During the survey and mapping webinar, Colin Romberger, Solutions Engineering Manager at Skydio, explained how his company helps customers obtain BVLOS exemptions. Going through the approval process repeatedly and demonstrating repeatedly that operations can be safely flown “has given the FAA a lot of confidence in their company,” Romberger said.
“We’re seeing quick turnaround times” for waiver requests, he reported. “In general, I think things are moving in the right direction.”
However, for surveyors and cartographers in Europe, many report that the regulatory environment is still challenging. In the same webinar, Philipp Amon, Manager of ULS Business Division at REIGL, explained that “there is a national process in every country” to get approval for longer, higher value drone missions.
“There’s quite a lot of paperwork to get to next-tier flights,” he said. “This process is not yet automated and takes a lot of time. I hope that this will improve in the years to come.”
5. Training and Personnel
To get the most out of drones, companies need to train their employees extensively in hardware, data acquisition systems, and analytics software. But training can be challenging, as experienced surveying and mapping professionals find they may be reluctant to learn new ways of doing their job.
During the survey and mapping webinar, Skydio’s Romberger said that “education is a big part of getting people to be competent and be able to create valuable products that move the needle and really value their value.” will show.” Romberger explained that his company, like many others, has developed an easy-to-use platform for running its products, “because we know that learning new systems can be difficult, and learning new systems that… designed for surveying, is complex and for mapping purposes.”
In order to get the most out of drone-based surveying and mapping operations, it is imperative to create user-friendly systems and to properly train personnel in these programs. Many UAV experts believe that the best way to learn how to use drones in industry is to first be an experienced surveyor or cartographer and then learn how to use drone systems on the job.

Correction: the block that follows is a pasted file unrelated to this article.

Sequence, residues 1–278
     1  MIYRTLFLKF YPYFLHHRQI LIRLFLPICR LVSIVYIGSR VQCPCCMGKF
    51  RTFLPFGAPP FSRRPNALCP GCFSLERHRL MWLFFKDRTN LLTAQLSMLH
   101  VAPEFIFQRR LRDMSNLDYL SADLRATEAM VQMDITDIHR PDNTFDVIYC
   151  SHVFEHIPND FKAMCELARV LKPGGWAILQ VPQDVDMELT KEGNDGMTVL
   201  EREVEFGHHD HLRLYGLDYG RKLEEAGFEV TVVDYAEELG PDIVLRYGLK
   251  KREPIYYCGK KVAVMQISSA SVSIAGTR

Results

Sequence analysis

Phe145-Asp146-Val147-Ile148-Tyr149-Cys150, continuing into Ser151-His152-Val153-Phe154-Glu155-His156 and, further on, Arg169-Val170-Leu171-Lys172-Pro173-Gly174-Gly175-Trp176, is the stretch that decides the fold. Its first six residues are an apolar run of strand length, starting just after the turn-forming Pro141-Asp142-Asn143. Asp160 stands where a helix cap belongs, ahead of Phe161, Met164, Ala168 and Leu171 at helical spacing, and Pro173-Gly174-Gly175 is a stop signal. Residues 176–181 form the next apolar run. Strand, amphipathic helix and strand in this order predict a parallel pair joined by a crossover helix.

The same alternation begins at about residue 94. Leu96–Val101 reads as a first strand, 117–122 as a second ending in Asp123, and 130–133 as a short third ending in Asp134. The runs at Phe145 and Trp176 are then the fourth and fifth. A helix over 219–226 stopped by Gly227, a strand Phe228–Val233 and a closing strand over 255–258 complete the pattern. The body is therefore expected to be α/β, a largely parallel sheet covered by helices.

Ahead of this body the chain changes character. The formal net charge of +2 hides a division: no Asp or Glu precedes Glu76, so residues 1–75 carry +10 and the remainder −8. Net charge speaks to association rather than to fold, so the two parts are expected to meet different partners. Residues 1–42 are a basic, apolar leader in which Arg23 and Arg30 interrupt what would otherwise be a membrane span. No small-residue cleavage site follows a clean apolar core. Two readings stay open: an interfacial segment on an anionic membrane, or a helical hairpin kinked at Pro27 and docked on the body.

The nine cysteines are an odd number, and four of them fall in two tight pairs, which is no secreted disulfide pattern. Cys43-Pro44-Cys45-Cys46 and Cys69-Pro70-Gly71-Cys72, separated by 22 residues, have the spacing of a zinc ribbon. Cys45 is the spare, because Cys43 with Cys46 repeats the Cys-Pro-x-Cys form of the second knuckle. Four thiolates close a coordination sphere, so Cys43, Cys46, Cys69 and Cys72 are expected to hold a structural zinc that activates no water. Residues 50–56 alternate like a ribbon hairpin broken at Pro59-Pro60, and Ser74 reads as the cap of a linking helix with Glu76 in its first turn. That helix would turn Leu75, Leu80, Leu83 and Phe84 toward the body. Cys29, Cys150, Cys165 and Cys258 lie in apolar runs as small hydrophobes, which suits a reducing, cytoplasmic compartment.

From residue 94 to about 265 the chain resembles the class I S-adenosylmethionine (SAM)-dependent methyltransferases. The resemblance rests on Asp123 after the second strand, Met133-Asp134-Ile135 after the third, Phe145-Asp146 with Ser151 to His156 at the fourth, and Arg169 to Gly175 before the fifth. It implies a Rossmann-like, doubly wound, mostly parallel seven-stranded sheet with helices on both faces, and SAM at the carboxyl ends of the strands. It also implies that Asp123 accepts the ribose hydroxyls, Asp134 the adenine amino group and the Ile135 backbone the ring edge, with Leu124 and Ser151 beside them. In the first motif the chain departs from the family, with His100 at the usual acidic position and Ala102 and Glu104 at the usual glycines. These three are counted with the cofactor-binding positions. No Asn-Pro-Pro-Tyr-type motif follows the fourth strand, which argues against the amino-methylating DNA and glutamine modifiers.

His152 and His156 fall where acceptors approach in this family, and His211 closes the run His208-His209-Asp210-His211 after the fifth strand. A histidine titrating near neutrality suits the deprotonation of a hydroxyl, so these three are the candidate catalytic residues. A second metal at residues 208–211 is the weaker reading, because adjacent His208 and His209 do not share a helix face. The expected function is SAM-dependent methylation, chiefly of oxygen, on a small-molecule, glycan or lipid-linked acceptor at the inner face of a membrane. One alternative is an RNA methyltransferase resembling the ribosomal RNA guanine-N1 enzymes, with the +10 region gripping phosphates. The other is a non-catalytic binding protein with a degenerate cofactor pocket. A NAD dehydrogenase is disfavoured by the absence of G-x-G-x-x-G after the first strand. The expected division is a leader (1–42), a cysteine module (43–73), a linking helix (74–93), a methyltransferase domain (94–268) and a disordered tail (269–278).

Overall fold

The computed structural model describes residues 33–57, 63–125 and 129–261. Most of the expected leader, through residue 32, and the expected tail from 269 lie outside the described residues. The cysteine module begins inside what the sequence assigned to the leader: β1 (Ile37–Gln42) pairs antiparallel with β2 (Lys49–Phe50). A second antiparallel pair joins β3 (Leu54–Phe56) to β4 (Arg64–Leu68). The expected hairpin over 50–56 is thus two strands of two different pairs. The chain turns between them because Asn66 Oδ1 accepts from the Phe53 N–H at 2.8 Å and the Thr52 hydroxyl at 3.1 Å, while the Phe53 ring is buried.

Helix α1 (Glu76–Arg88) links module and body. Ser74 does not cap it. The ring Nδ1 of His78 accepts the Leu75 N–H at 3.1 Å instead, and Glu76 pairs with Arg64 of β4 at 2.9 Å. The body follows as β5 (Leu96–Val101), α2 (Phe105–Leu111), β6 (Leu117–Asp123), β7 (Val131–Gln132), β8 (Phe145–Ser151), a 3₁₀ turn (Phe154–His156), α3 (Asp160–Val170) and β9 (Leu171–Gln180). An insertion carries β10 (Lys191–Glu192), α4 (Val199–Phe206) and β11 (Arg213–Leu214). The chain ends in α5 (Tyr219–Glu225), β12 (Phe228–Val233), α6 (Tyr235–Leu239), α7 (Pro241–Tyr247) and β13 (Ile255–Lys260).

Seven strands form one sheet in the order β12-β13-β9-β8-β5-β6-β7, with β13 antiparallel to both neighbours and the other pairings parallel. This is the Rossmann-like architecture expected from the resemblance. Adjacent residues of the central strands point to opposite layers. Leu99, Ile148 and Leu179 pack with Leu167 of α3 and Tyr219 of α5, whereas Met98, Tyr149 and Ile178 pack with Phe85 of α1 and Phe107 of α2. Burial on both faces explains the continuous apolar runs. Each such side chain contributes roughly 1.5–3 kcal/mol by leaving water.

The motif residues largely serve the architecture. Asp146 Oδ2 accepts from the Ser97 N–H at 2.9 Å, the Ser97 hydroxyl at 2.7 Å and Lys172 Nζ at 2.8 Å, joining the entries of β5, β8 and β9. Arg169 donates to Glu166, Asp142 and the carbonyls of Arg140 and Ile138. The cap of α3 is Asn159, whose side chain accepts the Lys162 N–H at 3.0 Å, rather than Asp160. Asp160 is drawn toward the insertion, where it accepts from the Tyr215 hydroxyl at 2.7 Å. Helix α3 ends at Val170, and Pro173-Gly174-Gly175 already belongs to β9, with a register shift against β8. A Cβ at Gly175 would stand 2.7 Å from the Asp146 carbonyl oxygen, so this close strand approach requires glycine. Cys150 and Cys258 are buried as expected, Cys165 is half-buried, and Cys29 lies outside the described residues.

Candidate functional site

Fortunately, many surveyors and cartographers are enthusiastic about learning new systems to improve the efficiency, accuracy, and safety of their operations. At the same Commercial UAV News webinar, Joe Hutton, director of inertial technology, land-based and airborne products at Applanix Corporation, said he saw “a real eagerness” among surveyors and mappers to learn about drone technology.
“I think people realize that you only get out what you put in,” he said.
6. Dealing with expectations
While many surveying and mapping professionals have worked with clients who had unreasonable expectations of what drones could do, some contend that expectations can be managed through education and collaboration.
During the webinar, Applanix’s Joe Hutton said, “I think there’s an educational process about what this technology can bring. We’re still not past the stage where this becomes second nature.”
Building on that statement, Romberger explained that Skydio “spends a lot of time collaborating with our customers” and “we realize that they are seeing the technology for the first time and realizing that there are many other things we can do.” Rather than dampening expectations, he said they often discover “new and emerging uses.”
Keep an eye out for new installments in our 6 Barriers to Drone Adoption series in the coming weeks.